Eric Aasen | KERA News

Eric Aasen

Managing Editor

Eric Aasen is KERA’s managing editor. He helps lead the station's news department, including radio and digital reporters, producers and newscasters. He also oversees keranews.org, the station’s news website, and manages the station's digital news projects. He reports and writes stories for the website and contributes pieces to KERA radio. He's discussed breaking news live on various public radio programs, including The Takeaway, Here & Now and Texas Standard, as well as radio and TV programs in New Zealand and the United Kingdom.

In 2015, Eric was part of a KERA team that won a national Online Journalism Award. In 2017, KERA earned a station-record eight regional Edward R. Murrow Awards, including Overall Excellence. Also in 2017, KERA was nominated for a national Online Journalism Award for the station's coverage of the deadly Dallas police shooting.

Eric joined KERA in 2013 after 11 years as a reporter at The Dallas Morning News. His subjects ranged from the fiery demise of Big Tex (the iconic State Fair of Texas cowboy), to a friendly goose who helped children cross a busy street to school. He’s won numerous awards, including honors from the Texas Associated Press Managing Editors for his feature writing and breaking news reporting.

A Minnesota native, Eric has wanted to be a journalist since he was in the third grade. He graduated Phi Beta Kappa from DePauw University in Indiana, where he earned a political science degree and served as editor-in-chief of The DePauw student newspaper.

Eric and his wife, who’s also a journalist, have a daughter and son.

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Marianna Taschinger, who lives in Groves, Tex., near Beaumont, is suing her ex-boyfriend for posting nude images of her on a website that features so-called "revenge porn." Police say there is little they can do. Lawmakers in California passed the first law aimed at revenge porn sites, The New York Times reports.

Update, 12:50 p.m. Tuesday: Authorities say a North Texas woman was responsible for a murder-suicide in which she fatally shot her husband and three sons before killing herself.
 
The Navarro County Sheriff's Office said this morning that 33-year-old Guadalupe Ronquillo-Ovalle shot her husband Israel Alvarez, as well as their three sons, ages 4, 8 and 10, The Associated Press is reporting. Then Ronquillo-Ovalle shot herself in the head.

Blame sequestration in part for Monday's layoffs, Bell's president said in a statement. Bell Helicopter makes the V-22 Osprey tilt-rotor aircraft, which takes off like a helicopter and flies like an airplane, the Fort Worth Star-Telegram reports.

Marco Becerra/mabecerra / Flickr

Five stories that have North Texas talking: Big-screen video boards get even bigger, Texas packs a deadly punch, watch homemade planes crash into the water, and more.

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Big Tex, the beloved State Fair of Texas icon, returns to Fair Park on Friday. (If you’ve been under a rock lately, the big guy burned down last October in spectacular fashion, attracting national headlines.)

Before Big Tex makes his triumphant return, we’re offering a daily online look at All Things Big Tex until Friday.

In today's edition of Big Tex 101, we take a look at Big Tex, the fashion icon.

informedmindstravel / Flickr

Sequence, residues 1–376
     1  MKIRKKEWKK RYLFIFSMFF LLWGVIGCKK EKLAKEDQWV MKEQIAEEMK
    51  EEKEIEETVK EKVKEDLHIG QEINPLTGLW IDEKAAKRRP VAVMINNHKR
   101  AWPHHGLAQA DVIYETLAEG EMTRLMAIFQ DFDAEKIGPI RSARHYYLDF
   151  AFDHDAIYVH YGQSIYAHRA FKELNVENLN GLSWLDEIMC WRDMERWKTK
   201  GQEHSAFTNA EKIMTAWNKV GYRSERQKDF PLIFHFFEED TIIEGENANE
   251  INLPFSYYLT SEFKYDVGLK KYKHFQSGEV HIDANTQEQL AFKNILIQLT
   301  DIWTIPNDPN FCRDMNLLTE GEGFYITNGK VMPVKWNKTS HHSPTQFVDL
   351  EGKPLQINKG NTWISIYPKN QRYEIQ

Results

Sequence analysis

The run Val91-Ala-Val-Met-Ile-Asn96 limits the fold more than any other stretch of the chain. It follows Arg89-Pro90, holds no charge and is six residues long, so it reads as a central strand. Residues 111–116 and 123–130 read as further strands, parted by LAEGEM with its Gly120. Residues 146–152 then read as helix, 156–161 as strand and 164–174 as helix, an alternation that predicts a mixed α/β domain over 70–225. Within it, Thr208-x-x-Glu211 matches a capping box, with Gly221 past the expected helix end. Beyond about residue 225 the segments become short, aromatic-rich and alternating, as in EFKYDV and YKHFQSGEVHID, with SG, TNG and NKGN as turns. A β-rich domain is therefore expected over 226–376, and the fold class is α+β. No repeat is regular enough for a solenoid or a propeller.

Prada Marfa might be doomed. No, there's no fancy store in Marfa. Instead, it's a roadside advertisement -- and Texas officials say it's illegal.

State transportation officials are pondering what to do about the iconic structure in West Texas, The Associated Press is reporting. Blame it on the Playboy bunny.

Pew Research Center's Hispanic Trends Project said that among the six states with the largest numbers of immigrants here illegally, only Texas had a consistent increase in illegal immigration from 2007 to 2011. That's due in part to the state's stronger economy. Its number was unchanged from 2011 to 2012.

Dallas Zoo

For years, the Dallas Zoo has tried to play matchmaker with Patrick the gorilla.

But Patrick won’t be anyone’s close friend.

So the Western lowland gorilla is moving on to a new home in South Carolina.

Patrick has spent the past 18 years at the Dallas Zoo, but he doesn’t socialize. He prefers being by himself, zoo officials say.

While checking on her friends and family in Kenya on Facebook, Esther Kanyua, a Southern Methodist University graduate student, learned that her friend from high school was one of the victims in the shooting, KTVT reports.

West Texas is awash in oil money, but not everyone benefits, according to StateImpact, an NPR project with KUT Radio in Austin.

Besides Wendy Davis, who else might be on the Democratic ticket in Texas next year? The Texas Tribune reports that party leaders have talked to candidates who might fill out the ballot behind her, including Leticia Van de Putte.

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Five stories that have North Texas talking: Texas is a hotbed for UFO sightings,  the Dallas mayor apologizes for a 40-year-old killing, VideoFest is just a couple weeks away, and more.

Christian Bradford/greychr / Flickr

Big Tex, the beloved State Fair of Texas icon, returns to Fair Park on Friday. (If you’ve been under a rock lately, the big guy burned down last October in spectacular fashion, attracting national headlines.)

Before Big Tex makes his triumphant return, we’re offering a daily online look at All Things Big Tex until Friday.

In today's edition of Big Tex 101, we take a look at his final hours -- and some video tributes.

State Fair of Texas

Big Tex, the beloved State Fair of Texas icon, returns to Fair Park on Friday. (If you’ve been under a rock lately, the big guy burned down last October in spectacular fashion, attracting national headlines.)